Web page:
Okay, it works as advertised, like when I juiced up a Google Pixel 3, but I’d imagine my power bank would be a much more practical and faster solution.
Like the P20 Pro, the Mate 20 Pro sports three lenses for its camera system. Gone, however, is the much-loved monochrome sensor that has been a mainstay of the Leica-powered phones from Huawei since the P9.
In its place is an ultrawide-angle lens matched with a 20-megapixel sensor, that gives the same wide perspective from a 16mm lens on a full-frame sensor camera.
Good news is, the new phone can capture a wider scene, so you avoid using the panoramic mode that can sometimes suffer from stitching issues.
Thanks to the wider perspective, I was able to capture more stars in a night shot of the English highlands and the grand interior of the British Museum, when I was travelling with the phone recently.
The new ultrawide-angle lens also does not distort like a fish-eye lens. Objects that are very close to the frame will be as straight as an arrow, which creates a rather professional looking interior shot.
For those who love to shoot landscape and architectural structures, this change in the Mate 20 Pro is a plus point.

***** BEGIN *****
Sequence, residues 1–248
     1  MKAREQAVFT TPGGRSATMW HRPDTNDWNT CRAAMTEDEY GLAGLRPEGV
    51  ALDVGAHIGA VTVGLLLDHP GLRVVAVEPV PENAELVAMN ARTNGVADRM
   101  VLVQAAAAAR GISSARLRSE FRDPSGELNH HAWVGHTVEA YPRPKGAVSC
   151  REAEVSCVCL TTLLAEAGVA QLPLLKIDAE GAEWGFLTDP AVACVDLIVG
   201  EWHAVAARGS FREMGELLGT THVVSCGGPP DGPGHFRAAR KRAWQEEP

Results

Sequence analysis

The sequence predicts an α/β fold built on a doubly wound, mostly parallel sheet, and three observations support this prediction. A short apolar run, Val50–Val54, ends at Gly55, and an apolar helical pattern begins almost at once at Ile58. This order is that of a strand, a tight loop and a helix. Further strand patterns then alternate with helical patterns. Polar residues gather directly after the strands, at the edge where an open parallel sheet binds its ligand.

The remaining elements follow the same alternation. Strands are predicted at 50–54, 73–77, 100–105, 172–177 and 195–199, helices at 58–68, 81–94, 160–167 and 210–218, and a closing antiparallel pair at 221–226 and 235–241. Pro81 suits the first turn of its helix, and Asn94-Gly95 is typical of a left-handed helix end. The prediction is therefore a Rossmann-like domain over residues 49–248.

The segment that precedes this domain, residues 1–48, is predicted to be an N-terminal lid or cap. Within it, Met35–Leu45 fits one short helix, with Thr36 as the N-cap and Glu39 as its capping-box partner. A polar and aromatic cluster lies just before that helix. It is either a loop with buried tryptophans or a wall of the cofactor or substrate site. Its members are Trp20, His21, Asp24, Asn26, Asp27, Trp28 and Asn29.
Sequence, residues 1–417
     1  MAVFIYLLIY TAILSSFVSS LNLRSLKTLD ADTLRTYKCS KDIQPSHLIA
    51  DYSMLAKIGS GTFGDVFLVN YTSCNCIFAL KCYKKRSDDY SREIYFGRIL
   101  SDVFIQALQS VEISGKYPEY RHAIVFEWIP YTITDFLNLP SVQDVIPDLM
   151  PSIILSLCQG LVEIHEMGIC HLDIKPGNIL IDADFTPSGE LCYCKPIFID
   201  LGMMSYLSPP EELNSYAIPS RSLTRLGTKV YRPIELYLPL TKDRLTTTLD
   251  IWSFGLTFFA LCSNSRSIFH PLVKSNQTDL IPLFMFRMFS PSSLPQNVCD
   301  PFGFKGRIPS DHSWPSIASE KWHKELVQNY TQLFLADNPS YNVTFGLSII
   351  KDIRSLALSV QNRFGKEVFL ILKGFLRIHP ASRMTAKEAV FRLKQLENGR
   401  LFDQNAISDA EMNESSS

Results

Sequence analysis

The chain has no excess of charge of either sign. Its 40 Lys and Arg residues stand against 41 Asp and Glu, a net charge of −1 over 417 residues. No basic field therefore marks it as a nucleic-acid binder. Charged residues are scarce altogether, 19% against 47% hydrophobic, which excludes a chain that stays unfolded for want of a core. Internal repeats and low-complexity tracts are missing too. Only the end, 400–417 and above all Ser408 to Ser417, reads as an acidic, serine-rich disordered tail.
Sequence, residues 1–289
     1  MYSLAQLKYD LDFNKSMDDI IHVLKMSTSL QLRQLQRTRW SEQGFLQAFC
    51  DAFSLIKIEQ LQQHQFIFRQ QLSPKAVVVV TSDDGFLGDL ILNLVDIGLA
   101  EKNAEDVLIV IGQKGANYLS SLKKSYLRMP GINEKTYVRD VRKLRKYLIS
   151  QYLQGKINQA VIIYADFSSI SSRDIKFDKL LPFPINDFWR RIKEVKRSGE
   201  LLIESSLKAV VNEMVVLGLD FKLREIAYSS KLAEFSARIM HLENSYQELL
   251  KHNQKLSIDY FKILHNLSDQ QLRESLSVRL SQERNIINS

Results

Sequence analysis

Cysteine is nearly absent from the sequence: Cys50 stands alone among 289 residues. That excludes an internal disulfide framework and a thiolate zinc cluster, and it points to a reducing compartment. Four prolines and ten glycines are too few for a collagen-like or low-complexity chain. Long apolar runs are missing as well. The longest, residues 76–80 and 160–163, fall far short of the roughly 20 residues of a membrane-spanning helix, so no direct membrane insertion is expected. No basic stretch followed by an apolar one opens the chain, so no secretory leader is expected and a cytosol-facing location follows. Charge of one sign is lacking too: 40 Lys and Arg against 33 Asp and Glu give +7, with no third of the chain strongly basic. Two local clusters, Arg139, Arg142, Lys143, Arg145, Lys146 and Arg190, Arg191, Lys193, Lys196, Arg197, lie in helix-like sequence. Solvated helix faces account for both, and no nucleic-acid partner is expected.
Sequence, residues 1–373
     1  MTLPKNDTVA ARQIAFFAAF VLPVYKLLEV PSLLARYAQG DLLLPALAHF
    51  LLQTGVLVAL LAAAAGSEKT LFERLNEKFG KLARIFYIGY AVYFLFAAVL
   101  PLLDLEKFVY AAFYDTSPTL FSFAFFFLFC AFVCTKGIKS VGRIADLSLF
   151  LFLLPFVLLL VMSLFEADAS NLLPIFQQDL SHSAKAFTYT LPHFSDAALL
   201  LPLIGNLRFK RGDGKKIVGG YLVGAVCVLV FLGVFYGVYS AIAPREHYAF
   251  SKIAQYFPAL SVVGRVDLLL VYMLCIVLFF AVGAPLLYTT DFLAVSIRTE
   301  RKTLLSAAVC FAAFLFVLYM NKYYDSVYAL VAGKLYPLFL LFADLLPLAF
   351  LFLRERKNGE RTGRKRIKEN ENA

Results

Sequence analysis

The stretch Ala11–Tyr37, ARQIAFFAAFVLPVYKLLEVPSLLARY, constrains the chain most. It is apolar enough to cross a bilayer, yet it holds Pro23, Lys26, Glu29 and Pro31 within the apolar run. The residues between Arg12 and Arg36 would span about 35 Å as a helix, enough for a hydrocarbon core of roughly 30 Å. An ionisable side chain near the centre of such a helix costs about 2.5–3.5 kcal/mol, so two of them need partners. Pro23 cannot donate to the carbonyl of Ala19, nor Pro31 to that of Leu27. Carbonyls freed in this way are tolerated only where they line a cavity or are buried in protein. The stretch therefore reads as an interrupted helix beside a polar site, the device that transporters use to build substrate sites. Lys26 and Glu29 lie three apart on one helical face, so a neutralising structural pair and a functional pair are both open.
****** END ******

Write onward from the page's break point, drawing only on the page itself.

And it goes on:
The other benefit of having an ultrawide-angle lens is the ability to do close focusing, up to 2.5cm away from the subject.
Huawei, together with Leica, has also improved the telephoto lens in such a way that it can now focus much closer than the P20 Pro’s.
For many users, the big question is whether the loss of the monochrome sensor can be overcome, as Huawei has claimed when launching the Mate 20 Pro.
Unfortunately, the company has not come back with answers to some of our questions, which include whether the newer Kirin 980 chip helps in some of the image processing to improve quality over the P20 Pro’s older Kirin 970 chip.
My personal view is that the change is for the better. With a wider range of shooting options, the Mate 20 Pro is much more versatile now. Plus, I don’t detect a critical loss of image quality.
Just to be sure, I went on to test how the two phones would compare in monochrome images. This is surely where the older P20 Pro would do better in, given its dedicated monochrome sensor, right?
Well, you can decide for yourself if you look at the images here. Personally, I find that Mate 20 Pro’s monochrome images are punchier.